The Santa Rosa upgrade will be based on a Penryn mobile processor, the name provided for the next 45 nanometer reduction over current Intel chip designs. The first Penryn chips will be introduced at the end of the year and the Santa Rosa update will hit the market during the first half of 2008.
According to Mooly Eden, vice president and general manager of Intel’s mobile platform group, “We will be able to take Penryn, the 45-nanometer chip, and insert it into exactly the same platform.”
To demonstrate how close such processors are to the commercialization phase, Eden showed a notebook running on a Penryn mobile processor during an exclusive press event ahead of the Intel Developer Forum Conference in Beijing.
When Santa Rosa hits stores next May (a processor defined by Eden as “the enhanced Core 2 Duo”), it will offer several possibilities that are not present in current Centrino systems. One of them will be the Dynamic Accelerator, capable of increasing the clock speed of a processor core above the frequency level while reducing the speed of the other core.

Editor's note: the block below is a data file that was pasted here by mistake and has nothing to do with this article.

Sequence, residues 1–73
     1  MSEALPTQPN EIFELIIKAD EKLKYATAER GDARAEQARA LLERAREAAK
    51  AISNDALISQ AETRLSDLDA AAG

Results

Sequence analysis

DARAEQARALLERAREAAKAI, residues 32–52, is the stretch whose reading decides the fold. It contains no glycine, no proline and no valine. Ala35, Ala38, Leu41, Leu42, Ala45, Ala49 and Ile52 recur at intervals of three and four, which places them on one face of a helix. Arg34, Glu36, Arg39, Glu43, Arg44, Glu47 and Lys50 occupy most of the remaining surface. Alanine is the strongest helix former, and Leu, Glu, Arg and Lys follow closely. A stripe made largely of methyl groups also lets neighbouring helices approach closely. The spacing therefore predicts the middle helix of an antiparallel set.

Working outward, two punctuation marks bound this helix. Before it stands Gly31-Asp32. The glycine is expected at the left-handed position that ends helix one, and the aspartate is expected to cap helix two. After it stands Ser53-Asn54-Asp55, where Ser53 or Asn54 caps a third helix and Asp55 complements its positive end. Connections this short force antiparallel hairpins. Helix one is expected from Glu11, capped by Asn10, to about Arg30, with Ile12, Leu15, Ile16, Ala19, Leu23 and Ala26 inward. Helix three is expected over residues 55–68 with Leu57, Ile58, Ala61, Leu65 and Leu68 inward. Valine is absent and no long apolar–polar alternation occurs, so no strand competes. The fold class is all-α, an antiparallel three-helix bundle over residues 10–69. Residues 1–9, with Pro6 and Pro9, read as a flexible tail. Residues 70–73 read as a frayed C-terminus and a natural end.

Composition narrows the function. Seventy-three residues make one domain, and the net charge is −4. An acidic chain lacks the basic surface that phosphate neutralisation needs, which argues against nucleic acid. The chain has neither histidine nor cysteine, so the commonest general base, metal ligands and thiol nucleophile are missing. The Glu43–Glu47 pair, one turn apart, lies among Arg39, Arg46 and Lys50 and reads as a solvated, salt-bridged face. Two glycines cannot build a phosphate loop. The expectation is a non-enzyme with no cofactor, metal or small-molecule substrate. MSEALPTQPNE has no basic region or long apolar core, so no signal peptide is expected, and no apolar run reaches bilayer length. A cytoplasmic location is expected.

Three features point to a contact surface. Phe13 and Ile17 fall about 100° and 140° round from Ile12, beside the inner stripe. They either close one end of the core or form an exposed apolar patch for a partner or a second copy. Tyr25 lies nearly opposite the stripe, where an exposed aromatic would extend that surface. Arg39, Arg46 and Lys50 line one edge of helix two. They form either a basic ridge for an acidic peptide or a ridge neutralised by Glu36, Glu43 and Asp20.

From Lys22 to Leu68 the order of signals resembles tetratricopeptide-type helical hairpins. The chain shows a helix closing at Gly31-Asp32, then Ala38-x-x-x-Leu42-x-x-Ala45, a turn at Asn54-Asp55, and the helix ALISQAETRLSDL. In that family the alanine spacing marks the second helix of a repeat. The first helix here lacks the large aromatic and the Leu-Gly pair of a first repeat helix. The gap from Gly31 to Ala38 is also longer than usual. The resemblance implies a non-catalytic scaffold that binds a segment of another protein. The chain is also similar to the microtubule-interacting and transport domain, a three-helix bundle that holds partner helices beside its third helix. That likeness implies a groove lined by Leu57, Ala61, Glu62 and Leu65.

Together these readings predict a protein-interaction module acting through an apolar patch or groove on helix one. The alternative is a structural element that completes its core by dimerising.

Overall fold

This operation increases the performance of the core while ensuring that the processor can continue to operate within the thermal limits predicted by Intel engineers, which is an important consideration to take into account when comparing the Dynamic Acceleration characteristic over the typical overclocking, where users raise the frequency of the processor beyond the level for which the system was designed, as indicated by Eden.
But Eden, who also wants to see Intel chips in high-end laptops, understands that some gamers and users seeking maximum performance will want to push their systems beyond the performance limits defined by Intel. For that market, Intel is preparing a mobile chip for gamers where overclocking is allowed.
According to Eden, “We have opened the design in such a way that the overclock can be performed, although it is the user’s responsibility to maintain the correct cooling. [del sistema]”.
Also on Intel’s product map is a quad-core Penryn mobile processor that will see the light of day throughout 2008, targeting mobile workstations, where users will seek the best performance over battery life.
The quad-core mobile chip will differ somewhat from the current quad-core chips used in desktops and workstations, where two layers of two cores overlap on a single chip, although precise details are lacking. . One possibility is that it is carried out on a single layer of silicon.